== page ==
Indian reservations are currently located on some of the most marginal lands in the United States, and are increasingly threatened by water stress as global temperatures continue to rise. Some studies and reports have shown abundant evidence that Native American and other Indigenous Communities in North America and Greenland have become increasingly vulnerable to climate change disruptions, particularly those located in the Arctic and sub-Arctic regions as they are experiencing permafrost melting with effects on human habitation and natural systems, erosion of land in coastal villages, and endangerment of species vital for their economies and cultures.
Renowned for their observations skills, Native Americans’ close relationship with Nature has made them among the first to detect early signs of changes in weather patterns. Operating with limited financial resources, Tribal Colleges and universities have played a pivotal role within Native American communities and are optimally situated to provide post-secondary education for many young tribal members living on reservations.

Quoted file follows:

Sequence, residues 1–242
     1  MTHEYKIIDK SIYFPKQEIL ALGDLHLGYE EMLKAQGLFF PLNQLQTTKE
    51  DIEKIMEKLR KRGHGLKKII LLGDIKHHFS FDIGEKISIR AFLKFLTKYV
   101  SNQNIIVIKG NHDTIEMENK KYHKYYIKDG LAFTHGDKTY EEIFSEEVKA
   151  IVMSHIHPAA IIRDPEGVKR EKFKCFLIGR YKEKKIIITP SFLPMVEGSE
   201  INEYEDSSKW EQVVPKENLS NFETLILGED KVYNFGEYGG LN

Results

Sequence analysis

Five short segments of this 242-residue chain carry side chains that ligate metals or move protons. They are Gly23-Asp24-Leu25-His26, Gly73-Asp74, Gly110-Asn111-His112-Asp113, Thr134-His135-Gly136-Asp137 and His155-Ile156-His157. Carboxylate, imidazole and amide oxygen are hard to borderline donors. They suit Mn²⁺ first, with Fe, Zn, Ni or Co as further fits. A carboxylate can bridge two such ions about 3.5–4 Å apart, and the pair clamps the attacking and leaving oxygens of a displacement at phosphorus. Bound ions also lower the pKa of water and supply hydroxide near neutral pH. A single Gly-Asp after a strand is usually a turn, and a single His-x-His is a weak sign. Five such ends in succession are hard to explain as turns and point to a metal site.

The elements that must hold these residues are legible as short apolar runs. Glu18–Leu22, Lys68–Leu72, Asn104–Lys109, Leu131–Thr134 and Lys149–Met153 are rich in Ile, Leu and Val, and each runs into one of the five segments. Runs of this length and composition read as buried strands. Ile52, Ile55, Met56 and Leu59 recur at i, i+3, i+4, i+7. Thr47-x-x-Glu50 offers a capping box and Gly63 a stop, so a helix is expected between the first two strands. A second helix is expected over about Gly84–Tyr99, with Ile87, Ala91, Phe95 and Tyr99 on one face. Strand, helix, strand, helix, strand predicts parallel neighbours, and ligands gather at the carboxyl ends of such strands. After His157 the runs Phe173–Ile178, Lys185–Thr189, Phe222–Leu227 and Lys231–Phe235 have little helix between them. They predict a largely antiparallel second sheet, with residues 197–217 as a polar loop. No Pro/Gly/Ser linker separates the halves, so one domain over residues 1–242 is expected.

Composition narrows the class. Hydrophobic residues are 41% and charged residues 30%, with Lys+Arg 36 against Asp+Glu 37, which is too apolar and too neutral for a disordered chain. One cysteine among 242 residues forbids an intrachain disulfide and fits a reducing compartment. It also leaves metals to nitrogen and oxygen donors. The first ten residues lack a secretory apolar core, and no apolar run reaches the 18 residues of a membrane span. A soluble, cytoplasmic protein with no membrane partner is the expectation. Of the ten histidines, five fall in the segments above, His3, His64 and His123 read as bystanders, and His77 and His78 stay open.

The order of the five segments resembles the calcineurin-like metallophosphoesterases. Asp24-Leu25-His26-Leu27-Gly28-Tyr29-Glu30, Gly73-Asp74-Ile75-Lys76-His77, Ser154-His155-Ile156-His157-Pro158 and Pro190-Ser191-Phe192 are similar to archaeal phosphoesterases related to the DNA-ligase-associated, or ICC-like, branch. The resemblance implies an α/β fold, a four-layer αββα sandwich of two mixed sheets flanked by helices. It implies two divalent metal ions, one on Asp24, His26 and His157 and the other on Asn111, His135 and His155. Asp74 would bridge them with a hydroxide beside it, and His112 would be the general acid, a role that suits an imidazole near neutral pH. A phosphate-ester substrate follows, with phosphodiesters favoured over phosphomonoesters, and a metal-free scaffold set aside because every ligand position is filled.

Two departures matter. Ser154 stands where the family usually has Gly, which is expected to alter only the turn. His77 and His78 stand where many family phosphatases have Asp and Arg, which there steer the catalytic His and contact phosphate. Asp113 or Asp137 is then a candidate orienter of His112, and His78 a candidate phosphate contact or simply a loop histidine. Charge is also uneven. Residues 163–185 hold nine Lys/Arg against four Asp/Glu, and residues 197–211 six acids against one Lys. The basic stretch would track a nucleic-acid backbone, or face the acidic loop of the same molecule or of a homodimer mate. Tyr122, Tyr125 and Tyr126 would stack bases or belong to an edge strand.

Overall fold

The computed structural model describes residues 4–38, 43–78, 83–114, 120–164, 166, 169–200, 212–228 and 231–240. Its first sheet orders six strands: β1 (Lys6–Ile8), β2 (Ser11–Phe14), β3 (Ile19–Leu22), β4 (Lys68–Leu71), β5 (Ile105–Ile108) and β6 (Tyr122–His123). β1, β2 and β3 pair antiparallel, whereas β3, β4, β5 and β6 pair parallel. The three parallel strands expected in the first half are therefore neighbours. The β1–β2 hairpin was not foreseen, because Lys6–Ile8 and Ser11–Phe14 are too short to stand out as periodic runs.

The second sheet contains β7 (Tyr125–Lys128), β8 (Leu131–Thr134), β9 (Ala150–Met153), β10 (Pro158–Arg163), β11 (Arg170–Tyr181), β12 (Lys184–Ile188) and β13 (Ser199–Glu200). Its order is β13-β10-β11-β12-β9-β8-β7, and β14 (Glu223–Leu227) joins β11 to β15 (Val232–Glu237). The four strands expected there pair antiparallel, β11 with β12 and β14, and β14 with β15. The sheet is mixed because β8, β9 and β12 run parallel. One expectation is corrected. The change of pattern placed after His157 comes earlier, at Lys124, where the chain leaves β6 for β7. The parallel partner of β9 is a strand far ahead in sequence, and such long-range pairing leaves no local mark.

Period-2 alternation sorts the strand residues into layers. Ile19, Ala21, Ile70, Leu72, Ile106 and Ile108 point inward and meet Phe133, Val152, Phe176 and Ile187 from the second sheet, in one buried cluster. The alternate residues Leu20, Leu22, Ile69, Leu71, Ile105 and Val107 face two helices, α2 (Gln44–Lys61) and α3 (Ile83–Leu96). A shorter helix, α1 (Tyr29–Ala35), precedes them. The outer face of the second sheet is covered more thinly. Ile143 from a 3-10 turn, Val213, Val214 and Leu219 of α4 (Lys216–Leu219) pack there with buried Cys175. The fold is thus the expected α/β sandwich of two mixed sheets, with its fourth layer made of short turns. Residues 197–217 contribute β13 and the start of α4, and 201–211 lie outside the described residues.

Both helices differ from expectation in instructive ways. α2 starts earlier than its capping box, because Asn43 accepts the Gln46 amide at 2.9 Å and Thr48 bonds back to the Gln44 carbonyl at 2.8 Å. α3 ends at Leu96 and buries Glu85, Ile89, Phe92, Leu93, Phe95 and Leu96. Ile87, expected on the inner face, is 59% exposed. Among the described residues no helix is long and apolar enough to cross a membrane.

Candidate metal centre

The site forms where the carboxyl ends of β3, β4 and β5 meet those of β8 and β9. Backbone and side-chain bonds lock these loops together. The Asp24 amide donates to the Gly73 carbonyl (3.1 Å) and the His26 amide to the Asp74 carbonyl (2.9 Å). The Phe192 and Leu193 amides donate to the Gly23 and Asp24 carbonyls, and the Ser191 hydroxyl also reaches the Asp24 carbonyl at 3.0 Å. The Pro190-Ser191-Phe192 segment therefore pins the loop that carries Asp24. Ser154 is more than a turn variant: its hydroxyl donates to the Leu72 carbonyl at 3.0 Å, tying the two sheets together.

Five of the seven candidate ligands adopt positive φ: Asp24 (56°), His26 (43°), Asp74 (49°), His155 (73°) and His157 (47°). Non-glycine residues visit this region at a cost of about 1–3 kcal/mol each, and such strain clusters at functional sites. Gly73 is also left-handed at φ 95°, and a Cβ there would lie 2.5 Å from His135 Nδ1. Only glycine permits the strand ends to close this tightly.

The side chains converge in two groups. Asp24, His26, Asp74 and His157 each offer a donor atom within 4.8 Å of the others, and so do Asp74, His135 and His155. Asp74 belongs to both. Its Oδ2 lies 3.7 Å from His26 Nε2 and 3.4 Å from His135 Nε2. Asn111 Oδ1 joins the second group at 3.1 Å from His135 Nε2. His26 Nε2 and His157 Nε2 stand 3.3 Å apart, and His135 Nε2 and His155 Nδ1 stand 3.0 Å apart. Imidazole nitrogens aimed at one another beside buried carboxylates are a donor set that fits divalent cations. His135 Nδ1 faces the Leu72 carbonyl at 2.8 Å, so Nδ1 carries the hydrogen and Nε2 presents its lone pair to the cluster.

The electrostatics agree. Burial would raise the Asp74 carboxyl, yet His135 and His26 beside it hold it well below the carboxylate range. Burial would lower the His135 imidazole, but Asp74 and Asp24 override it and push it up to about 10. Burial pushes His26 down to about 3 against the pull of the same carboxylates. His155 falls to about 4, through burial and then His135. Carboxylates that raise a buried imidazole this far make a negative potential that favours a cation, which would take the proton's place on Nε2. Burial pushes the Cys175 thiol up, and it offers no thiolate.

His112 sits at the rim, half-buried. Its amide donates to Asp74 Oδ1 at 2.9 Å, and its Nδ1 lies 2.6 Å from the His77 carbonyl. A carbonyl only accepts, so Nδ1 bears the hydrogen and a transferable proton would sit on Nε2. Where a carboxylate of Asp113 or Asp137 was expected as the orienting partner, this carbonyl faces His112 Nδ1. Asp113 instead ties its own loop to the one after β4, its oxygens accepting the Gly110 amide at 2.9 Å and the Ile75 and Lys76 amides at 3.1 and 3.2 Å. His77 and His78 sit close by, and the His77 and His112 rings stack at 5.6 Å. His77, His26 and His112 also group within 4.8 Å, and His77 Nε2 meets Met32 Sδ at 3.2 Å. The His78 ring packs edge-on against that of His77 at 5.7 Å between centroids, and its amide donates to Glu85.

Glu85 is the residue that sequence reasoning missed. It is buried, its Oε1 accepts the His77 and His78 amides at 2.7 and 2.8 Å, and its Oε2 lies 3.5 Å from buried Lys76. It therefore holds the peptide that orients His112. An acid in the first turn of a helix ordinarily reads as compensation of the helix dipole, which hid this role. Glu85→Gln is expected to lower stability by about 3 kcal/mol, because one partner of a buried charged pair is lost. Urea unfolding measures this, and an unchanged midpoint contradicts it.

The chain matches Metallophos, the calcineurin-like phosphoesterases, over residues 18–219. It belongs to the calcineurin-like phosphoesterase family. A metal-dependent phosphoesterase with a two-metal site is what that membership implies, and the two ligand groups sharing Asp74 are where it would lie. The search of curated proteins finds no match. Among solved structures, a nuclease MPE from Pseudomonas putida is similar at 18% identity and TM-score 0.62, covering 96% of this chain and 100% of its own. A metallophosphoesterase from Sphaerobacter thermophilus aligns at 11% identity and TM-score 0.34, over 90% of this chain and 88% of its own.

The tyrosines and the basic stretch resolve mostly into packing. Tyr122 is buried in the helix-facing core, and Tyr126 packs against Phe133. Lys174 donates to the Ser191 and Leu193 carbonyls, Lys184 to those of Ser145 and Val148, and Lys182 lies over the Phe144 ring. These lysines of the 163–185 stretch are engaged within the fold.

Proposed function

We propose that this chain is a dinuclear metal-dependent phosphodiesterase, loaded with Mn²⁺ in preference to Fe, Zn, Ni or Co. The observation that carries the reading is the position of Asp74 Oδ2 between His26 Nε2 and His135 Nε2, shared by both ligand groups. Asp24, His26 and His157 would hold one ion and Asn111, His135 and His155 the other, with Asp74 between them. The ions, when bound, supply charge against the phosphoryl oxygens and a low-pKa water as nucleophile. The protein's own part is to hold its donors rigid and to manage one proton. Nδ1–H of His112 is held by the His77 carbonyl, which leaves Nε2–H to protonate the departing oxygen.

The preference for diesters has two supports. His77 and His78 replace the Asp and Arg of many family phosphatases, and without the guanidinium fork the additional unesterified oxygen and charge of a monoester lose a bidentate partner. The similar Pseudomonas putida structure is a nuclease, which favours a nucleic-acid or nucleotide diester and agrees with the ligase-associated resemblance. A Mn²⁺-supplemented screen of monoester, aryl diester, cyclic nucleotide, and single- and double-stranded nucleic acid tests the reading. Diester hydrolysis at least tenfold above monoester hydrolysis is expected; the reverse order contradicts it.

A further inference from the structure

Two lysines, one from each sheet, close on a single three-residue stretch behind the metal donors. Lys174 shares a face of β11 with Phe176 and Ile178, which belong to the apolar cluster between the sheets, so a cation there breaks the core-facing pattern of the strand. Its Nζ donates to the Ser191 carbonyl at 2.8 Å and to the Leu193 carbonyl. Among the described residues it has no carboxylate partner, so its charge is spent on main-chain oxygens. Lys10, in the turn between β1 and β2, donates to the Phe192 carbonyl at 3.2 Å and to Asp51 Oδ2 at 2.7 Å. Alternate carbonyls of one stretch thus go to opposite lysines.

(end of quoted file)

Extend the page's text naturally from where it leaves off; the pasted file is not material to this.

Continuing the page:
The Climate Institute is forging an alliance between Tribal Colleges, NASA and US universities to provide scientific and capital resources to empower Native American communities to be proactive in responding to climate stresses and develop innovative and comprehensive response strategies within their tribes.
Read about the April 22-24, 2009 conference at Northwest Indian College in Bellingham, Washington: Red Alert: The Impact of Climate Change on Northwest Coast Tribal Fisheries. The conference, which was supported by NASA, the Bullitt Foundation, and the Climate Institute, served as a forum for sharing wisdom about the environment and for discussing solutions to the fisheries crisis.
Where Words Touch the Earth: In a project supported by NASA, students from American Indian Tribal Colleges interview Elders, other students, and community members to provide a Native American perspective on climate change and its effects on their communities.
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